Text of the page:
Great article for college-bound students: “Dyslexia and the new SAT” by Dyslexic Advantage (link to the full article is below).
The new SAT starts March 2016.
From the New York Times,
“What’s true of the writing section is true of the new SAT in general: There’s much more to read. “The most fundamental change is that there are many, many more words,” said Aaron Golumbfskie, education director for PrepMatters. “If you don’t read well and happily, this test isn’t going to be your friend.”
Even the math section will require more reading, with fewer questions based on equations and more word problems. Some prompts will present the same type of real-world situations that the Common Core emphasizes — “The recommended daily calcium intake for a 20-year-old is 1,000 milligrams (mg). One cup of milk contains 299 mg….” Mr. Golumbfskie describes the math section as “tighter in focus.” The current test covers a lot of ground, with a question or two on each topic; the new one will drill down into a few key areas. Geometry is fading out. Algebra is stepping up: Prepare for linear equations and inequalities, and systems of equations in two variables.
The addition of more-advanced math, such as trigonometry, means the test will cover material from a greater number of courses. That will make it more difficult for students to take the SAT early. Some questions will require knowledge of statistics, a course relatively few students take in high school. And because one math section will prohibit the use of a calculator, students who use them in class may want to practice tackling calculations with pencil and paper.”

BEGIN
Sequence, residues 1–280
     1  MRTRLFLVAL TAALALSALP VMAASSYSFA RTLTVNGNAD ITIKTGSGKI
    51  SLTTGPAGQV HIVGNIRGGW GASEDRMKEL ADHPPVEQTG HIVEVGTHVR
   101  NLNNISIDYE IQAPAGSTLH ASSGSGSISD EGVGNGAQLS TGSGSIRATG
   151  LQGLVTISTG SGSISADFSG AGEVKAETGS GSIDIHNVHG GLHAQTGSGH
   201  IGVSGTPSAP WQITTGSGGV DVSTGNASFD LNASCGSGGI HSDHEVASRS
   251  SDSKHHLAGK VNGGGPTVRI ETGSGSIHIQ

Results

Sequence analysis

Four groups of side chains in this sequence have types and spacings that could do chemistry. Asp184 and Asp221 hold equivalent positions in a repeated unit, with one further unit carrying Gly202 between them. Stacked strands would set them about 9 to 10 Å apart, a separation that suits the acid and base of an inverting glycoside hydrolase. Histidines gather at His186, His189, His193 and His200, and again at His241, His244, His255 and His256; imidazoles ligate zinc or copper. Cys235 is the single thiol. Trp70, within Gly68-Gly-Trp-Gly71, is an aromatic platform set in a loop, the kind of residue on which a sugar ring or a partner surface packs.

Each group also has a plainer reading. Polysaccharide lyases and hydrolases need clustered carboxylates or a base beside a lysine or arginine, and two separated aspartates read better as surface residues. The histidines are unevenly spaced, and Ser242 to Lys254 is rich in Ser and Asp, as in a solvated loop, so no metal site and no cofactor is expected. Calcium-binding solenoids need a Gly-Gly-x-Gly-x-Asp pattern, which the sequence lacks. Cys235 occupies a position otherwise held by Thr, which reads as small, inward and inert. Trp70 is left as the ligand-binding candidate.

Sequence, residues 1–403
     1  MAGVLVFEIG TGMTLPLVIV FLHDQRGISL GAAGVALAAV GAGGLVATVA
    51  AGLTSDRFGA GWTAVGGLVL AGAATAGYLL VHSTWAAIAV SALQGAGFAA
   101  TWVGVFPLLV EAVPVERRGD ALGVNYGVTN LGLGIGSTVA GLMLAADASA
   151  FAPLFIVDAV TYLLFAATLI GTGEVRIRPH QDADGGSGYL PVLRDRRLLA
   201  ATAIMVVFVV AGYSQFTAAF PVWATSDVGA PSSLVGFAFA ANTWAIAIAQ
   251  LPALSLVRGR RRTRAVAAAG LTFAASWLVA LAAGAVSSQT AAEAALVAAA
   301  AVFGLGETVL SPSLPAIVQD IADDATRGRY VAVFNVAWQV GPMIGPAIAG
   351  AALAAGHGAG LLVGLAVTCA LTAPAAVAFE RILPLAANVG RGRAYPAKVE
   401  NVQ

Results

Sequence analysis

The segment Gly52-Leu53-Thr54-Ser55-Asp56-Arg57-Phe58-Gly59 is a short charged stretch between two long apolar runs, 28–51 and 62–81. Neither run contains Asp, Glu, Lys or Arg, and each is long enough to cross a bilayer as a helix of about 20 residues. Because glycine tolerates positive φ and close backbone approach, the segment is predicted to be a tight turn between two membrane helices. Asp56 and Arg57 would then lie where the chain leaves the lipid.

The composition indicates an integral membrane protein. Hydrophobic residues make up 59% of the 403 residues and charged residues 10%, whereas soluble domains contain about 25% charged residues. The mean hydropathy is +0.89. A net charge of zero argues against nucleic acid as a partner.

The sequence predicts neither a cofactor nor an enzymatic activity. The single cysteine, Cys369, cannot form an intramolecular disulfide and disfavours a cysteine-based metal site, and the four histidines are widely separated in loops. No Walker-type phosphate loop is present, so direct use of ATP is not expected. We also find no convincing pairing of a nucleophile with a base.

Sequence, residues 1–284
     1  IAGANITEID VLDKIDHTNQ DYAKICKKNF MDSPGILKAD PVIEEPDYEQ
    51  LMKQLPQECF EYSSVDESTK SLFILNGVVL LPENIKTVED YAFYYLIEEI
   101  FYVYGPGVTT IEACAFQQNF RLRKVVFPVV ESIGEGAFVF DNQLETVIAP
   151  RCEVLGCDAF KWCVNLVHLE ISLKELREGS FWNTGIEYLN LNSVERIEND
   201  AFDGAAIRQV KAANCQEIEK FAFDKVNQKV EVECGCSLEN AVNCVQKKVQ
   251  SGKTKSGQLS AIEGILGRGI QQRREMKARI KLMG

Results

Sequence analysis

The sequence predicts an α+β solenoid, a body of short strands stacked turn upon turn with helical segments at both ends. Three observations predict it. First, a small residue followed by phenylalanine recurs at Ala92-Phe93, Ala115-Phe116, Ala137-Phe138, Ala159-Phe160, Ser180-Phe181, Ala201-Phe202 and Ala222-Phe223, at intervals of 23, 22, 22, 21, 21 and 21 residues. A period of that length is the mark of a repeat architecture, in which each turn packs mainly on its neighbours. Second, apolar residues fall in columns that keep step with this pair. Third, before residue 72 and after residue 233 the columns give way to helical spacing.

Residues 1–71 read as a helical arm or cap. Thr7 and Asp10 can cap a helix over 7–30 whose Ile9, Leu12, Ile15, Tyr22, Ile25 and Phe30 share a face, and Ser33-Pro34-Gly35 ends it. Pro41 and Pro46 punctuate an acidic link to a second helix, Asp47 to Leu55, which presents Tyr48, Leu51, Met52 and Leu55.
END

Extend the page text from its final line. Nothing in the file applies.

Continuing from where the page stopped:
Other key differences on this exam: no penalty for guessing, option to opt-out of essay, essays are now evidence-based, requiring students to quote from reading passages to prove their point. Other changes: the new SAT is a little bit shorter, back to 1600 point total scale instead of 2400, and vocabulary based on context.
What’s the most important thing to know for college-bound dyslexic students planning to take the SAT? Request your accommodations early. The College Board follows ADA regulations, but the latest ADA regulations are very new. Allow enough time and be prepared to appeal if you are requesting accommodations and your testing was greater than 5 years ago.
Read the full article here: